Supporters pushed Verna for more than a year to introduce the legislation, which they say is necessary to preserve the character of a neighborhood dominated by two-story homes.
But the measure sparked a huge backlash, and during two hours of testimony on the bill Wednesday, classic battles of a neighborhood in transition were drawn.
Longtime residents feared rising property taxes and other changes that could force them out - an experience seen in the neighborhood across Washington Avenue.
"Before we know it, we won't be able to live in Point Breeze because we'll be taxed out," said Betty Beaufort of Concerned Citizens of Point Breeze.
The group brought a busload of people to the hearing to show their support for Verna's bill.
"We're not saying we're against development," said Tiffany Green, also with the group. "We're saying respect our community."
New census data show large changes in the population of Point Breeze last decade, as growing numbers of white, Hispanic, and Asian residents moved into what is still a majority-black neighborhood, though the black population shrank nearly 20 percent.
Countering Concerned Citizens, other community groups, newer residents, Realtors, and city officials expressed opposition to the bill.
Deputy Mayor Alan Greenberger testified that the city planned to invest $7 million in federal money to develop Point Breeze in the next two years. The moratorium would "seriously impact" those plans, including 11 proposed three-story homes at 17th and Federal Streets.
"This bill will not preserve the character of Point Breeze but rather ensure the suppression of property values and the drain of investment," he said.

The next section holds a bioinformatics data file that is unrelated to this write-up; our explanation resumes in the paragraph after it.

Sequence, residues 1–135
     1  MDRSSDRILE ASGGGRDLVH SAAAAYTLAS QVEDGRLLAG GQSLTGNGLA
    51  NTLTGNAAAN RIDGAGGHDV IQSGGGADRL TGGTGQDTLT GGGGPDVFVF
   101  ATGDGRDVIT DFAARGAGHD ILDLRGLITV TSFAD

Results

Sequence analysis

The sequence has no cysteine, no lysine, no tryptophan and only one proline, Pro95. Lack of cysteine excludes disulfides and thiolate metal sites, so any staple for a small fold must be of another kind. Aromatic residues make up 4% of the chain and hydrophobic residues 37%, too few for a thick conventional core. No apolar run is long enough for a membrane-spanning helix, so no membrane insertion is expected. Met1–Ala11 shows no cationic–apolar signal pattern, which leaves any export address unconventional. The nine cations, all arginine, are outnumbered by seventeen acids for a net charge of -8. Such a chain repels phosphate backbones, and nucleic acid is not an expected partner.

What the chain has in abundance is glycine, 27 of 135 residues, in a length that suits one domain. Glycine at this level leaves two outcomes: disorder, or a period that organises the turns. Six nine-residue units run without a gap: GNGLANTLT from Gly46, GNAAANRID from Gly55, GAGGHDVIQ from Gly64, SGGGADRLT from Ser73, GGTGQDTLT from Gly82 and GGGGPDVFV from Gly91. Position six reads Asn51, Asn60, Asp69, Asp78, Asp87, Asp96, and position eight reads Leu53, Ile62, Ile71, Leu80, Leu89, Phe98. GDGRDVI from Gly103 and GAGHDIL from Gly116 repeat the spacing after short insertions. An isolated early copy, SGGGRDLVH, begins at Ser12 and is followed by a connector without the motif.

If the federal money isn't spent, it must be returned, Greenberger said.
"I don't know how we can afford to turn money back," Verna said. "If ever an area needed more funding, it's the Point Breeze area."
A representative from Kenny Gamble's Universal Cos. Inc., which recently won a $500,000 federal grant to fight blight and address economic and education issues in the neighborhood, also spoke against the bill.
Councilman James F. Kenney compared the changes in Point Breeze to the tensions sparked by the gentrification of Queen Village in the late 1970s and early 1980s.
"It makes people afraid," he said. "I've seen the stress."
While he said Verna's bill went too far, he suggested another hearing that would "go on as long as need be" for everyone to be heard.
Verna agreed to hold the bill, with all of its complex and emotional issues.
"We could listen to everyone in the room today and nothing would be resolved," she said.
Contact staff writer Troy Graham at 215-854-2730 or email@example.com.